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  3. Hugh,
    I appreciate the time and thought you have taken into organizing and expressing your thoughts on marriage and civil unions. I want to respond on several levels.

    Just so you know, I am gay, I live in Alabama in the United States, I know Chris through her blog, because of her trip to the US which brought her through Bessemer, where I live. Also, I am passionate in my fight for equal rights, and am in an “uncivil” union and have two kids. I say “uncivil” because we can not have a “civil union” here. However, I am 100% sure that our union is acknowledged by and approved by God.

    OK. First, I take issue with the statement “marriage is fundamentally about procreation.” While procreation may be expressed as a part of marriage in the guidelines that many churches use, I have never heard procreation mentioned during a marriage ceremony. Maybe it is, but it wasn’t in my former heterosexual marriage (in a Presbyterian Church) or any I have attended. If it were the “fundamental” reason for marriage, I believe it would be mentioned. In addition, you should not make a statement like this and then disavow the arguments about people who get married who, because of age or other condition or choice, do not have children. If marriage is fundamentally about procreation, then it must exclude those who can not or choose not to procreate. Make them get the kind of union you support for same sex couples.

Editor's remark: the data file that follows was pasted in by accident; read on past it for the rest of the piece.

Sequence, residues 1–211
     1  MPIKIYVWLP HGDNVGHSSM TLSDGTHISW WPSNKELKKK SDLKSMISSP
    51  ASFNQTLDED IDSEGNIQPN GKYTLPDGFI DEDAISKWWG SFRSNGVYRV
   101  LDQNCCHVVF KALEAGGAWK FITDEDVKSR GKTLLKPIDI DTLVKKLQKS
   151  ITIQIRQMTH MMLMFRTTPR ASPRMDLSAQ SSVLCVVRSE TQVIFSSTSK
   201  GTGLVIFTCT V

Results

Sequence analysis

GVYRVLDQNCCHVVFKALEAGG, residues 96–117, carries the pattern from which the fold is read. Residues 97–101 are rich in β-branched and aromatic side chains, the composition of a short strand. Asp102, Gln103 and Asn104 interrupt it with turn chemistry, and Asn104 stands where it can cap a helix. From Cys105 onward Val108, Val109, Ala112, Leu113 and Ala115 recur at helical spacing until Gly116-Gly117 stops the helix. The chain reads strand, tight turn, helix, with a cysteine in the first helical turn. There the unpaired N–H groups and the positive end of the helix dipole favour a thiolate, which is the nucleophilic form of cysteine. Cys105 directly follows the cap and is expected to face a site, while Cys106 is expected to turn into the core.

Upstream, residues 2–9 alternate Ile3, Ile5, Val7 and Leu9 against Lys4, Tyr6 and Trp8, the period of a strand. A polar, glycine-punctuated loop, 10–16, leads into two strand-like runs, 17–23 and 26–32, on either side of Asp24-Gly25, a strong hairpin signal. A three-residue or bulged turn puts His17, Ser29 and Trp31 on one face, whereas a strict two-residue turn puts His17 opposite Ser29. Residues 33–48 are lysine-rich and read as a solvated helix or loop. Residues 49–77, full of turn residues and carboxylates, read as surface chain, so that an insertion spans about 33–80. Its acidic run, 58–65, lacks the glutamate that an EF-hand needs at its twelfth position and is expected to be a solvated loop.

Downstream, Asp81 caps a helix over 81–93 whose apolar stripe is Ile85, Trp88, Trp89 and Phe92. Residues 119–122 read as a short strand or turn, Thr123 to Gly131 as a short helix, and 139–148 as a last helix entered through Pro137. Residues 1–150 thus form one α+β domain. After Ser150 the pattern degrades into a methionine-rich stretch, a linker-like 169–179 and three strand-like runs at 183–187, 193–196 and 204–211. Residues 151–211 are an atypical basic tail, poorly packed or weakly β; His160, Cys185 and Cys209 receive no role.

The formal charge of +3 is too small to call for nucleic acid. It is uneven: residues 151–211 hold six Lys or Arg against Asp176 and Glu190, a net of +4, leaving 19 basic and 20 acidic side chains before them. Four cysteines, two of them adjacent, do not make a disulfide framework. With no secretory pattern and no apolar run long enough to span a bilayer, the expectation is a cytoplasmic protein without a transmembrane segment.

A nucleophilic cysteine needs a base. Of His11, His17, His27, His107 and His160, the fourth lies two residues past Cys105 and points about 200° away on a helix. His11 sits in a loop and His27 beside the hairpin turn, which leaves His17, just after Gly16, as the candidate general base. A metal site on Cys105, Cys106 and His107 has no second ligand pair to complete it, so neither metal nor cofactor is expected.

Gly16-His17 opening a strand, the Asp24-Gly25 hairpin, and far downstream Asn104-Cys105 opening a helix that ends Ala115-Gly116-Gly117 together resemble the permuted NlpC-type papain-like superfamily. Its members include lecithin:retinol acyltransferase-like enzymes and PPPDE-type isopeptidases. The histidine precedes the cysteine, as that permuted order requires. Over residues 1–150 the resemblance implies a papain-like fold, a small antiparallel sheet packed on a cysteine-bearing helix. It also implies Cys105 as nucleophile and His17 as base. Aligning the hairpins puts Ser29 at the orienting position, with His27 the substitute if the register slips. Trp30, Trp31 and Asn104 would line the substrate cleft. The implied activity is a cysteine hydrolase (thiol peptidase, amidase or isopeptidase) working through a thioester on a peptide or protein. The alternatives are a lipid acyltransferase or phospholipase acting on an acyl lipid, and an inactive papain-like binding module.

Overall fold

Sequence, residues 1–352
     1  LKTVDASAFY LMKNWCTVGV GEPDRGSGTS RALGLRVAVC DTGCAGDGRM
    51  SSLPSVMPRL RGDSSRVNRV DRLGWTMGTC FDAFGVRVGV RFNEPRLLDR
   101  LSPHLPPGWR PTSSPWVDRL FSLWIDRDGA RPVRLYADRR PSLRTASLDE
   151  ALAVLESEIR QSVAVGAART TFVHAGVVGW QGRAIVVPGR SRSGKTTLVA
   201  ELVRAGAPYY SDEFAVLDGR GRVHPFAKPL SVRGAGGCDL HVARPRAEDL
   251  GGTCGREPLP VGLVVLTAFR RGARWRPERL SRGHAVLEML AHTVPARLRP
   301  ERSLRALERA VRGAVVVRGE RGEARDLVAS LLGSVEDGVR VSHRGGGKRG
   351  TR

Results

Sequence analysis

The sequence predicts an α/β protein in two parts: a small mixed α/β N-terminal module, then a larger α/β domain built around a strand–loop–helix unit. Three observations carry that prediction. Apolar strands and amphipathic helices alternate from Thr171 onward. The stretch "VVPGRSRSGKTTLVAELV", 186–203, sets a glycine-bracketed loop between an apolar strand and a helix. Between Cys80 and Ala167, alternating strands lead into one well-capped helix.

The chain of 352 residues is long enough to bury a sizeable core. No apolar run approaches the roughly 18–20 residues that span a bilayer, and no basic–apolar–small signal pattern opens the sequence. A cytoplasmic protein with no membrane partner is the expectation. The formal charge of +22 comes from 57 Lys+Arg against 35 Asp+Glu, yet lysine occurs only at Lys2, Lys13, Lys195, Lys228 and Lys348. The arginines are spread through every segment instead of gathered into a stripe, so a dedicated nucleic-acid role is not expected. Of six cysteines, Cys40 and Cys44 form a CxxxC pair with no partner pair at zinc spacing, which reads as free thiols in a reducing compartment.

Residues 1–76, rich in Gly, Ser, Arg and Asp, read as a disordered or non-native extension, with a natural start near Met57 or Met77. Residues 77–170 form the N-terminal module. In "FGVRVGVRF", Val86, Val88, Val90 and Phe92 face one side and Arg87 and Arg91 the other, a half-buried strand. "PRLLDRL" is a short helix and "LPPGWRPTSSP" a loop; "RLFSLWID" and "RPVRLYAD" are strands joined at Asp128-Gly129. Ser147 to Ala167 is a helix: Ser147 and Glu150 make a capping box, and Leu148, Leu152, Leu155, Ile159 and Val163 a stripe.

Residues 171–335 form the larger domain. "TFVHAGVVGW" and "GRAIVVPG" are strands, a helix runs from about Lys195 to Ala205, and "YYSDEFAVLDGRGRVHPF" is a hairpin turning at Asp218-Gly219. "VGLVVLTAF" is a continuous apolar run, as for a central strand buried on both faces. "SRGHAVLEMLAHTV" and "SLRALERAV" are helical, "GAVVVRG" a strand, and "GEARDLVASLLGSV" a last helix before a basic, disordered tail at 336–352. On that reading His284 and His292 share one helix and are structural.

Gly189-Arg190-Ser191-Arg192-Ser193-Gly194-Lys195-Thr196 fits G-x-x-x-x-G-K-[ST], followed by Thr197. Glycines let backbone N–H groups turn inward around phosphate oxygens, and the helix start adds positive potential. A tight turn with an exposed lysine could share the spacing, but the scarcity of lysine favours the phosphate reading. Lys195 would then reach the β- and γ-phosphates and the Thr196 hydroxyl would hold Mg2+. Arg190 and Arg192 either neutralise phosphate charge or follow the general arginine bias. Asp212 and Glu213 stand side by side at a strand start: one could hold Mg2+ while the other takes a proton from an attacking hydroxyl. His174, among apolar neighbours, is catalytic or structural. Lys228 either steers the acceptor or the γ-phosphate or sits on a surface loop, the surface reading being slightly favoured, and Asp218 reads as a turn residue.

“Where you go, I will go; where you lodge, I will lodge; your people will be my people, and your God my God. (Ruth 1:16).” Isn’t it odd that the verse most often used during heterosexual marriages was first spoken from one woman to another?